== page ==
To the previous poster: I have to agree with you. I feel the same way. The least Ron Davenport or his son could have done was to speak to the press themselves about the station sale. Not doing so and hiring a pr guy or whatever he does is as about bush league as you can get. Can't the Davenports look us in the eye and say we're sorry? Maybe Ron and Ron have to rush to the bank to cash the St. Joe's check and just didn't have the time to talk. COWARDS!

Anonymous said...

John, this was a bulletin just e-mail blasted from Radio-info. Too bad this didn't happen before Sheriden decided to sell
FCC to launch inquiry into Arbitron PPM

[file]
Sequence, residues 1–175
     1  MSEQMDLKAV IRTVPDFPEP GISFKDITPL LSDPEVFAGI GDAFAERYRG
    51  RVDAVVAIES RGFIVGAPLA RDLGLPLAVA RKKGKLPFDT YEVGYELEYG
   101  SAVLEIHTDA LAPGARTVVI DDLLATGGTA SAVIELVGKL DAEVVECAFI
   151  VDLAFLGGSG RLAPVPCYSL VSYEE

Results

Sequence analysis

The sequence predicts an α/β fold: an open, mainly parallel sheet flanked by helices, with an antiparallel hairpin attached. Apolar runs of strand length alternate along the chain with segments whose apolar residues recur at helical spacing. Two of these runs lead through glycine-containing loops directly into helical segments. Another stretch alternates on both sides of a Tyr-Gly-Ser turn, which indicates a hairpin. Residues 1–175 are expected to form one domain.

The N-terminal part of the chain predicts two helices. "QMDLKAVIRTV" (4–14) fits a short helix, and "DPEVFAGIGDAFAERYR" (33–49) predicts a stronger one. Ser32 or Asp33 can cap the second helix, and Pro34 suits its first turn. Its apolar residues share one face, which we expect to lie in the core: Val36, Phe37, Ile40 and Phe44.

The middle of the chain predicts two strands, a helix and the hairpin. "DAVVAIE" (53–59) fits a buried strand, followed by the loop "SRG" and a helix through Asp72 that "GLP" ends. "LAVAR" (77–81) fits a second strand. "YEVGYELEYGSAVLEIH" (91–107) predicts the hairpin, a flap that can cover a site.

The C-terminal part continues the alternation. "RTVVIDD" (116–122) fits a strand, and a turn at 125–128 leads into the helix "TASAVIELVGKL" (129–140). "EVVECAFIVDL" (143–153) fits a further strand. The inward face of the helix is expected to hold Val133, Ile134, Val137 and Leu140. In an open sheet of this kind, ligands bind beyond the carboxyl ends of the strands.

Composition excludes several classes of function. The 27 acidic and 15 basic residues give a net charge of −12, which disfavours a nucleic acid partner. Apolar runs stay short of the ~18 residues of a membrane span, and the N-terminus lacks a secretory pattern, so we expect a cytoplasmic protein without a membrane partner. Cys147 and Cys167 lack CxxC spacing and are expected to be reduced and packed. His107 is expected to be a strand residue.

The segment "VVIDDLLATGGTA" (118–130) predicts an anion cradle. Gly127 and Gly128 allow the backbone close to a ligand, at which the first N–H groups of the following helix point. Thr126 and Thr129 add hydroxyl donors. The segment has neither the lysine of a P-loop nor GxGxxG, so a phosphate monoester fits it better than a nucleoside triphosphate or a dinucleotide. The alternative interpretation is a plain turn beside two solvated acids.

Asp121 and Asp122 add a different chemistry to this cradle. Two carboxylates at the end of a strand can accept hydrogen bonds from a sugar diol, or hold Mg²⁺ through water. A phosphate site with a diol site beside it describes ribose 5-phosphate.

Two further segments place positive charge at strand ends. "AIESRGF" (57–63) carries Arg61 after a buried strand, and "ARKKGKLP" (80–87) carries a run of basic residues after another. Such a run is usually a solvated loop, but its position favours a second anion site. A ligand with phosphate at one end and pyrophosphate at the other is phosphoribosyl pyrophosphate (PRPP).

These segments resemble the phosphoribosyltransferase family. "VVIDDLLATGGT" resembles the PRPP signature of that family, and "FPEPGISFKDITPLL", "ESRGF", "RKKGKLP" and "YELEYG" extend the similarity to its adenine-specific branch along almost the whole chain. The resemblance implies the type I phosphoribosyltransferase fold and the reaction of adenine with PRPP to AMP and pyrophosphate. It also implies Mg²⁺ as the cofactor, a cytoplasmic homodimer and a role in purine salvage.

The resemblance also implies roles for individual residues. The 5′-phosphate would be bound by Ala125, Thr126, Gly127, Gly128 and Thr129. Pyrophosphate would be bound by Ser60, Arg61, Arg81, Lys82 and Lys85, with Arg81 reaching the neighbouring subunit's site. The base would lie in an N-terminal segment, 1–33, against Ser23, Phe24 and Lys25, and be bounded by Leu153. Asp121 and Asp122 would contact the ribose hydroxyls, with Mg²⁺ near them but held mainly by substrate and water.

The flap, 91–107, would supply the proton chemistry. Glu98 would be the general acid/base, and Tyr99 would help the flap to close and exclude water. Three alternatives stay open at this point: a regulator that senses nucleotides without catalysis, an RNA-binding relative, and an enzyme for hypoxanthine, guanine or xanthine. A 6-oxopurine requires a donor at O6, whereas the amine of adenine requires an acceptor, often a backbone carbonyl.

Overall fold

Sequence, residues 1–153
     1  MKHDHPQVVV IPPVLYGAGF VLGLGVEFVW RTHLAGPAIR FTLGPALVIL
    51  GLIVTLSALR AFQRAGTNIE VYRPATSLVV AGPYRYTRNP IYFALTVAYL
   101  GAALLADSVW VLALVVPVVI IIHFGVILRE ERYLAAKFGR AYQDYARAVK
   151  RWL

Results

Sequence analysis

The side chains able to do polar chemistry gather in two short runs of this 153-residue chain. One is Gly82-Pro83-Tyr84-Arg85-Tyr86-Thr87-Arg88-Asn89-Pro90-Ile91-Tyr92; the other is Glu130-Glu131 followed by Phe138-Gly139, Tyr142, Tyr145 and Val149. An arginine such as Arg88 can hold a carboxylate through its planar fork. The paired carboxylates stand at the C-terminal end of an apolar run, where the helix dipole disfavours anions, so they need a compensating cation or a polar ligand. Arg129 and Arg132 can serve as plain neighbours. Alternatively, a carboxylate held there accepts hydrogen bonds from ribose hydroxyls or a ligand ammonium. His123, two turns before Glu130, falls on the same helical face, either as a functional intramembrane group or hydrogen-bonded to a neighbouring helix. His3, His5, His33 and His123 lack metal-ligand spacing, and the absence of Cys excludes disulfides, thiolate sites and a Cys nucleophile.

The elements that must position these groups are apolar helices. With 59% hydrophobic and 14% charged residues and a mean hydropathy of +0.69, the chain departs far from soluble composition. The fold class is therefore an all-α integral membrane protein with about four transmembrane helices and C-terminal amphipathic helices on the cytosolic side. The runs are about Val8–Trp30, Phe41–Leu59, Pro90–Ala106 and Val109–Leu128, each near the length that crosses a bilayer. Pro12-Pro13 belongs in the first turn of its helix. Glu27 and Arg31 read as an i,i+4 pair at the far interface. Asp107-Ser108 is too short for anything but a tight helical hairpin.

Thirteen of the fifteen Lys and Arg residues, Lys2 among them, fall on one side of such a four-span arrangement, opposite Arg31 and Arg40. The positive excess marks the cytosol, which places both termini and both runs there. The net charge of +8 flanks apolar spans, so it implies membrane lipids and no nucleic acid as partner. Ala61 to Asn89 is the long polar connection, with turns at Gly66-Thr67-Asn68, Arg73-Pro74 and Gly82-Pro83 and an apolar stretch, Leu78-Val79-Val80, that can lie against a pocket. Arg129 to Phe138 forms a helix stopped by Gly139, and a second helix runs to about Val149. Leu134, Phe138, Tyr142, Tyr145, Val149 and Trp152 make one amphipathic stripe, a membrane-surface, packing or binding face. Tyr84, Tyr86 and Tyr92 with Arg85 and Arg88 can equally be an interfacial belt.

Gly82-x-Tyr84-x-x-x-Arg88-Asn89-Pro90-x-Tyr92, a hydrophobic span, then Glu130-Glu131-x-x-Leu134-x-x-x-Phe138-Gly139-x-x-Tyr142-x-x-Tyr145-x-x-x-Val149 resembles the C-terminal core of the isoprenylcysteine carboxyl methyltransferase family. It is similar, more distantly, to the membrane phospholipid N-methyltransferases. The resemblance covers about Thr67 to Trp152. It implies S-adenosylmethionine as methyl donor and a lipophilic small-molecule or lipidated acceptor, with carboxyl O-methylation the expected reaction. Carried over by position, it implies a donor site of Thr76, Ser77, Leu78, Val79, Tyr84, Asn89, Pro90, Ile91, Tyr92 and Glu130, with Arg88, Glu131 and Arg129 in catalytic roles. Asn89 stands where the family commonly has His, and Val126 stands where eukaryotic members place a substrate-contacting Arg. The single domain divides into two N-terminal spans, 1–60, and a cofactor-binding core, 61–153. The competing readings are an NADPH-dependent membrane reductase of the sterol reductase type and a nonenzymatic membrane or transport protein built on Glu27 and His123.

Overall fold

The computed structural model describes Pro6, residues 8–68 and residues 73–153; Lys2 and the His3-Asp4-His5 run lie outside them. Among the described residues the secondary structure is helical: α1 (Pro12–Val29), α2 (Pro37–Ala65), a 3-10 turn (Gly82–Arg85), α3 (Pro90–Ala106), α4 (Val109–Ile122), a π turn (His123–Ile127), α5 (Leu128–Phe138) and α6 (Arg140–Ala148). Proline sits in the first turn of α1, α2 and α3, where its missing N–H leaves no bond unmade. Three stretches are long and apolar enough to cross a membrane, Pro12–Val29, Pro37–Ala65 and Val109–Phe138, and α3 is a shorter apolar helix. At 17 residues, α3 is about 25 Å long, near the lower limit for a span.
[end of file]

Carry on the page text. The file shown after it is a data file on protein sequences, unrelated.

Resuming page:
Complaints from minority broadcasters and others - like the New Jersey Broadcasters Association - find a receptive ear in Acting FCC Chairman Michael Copps. He launches a Notice of Inquiry about whether Arbitron's People Meter undercounts minorities and disproportionately harms black and Spanish broadcasters. Arbitron challenges the assertions of the "PPM Coalition" and says the Commission has no authority to investigate a third-party rating system. More about today's surprising news at

Anonymous said...

Another explanation about PPM, is that it is rumored that WGN turned off IBOC because it was interfering with PPM. I find it very interesting that with the power increase looming for FM-HD, that this is happening, now. iBiquity has boughtout everyone.

Anonymous said...

WAMO, Bam-o, Thank you, Ma'am-O....Now get outta here.

How insincere could a company be?

I guess Clear Channel, CBS, Citadel and Cumulus aren't the only ones.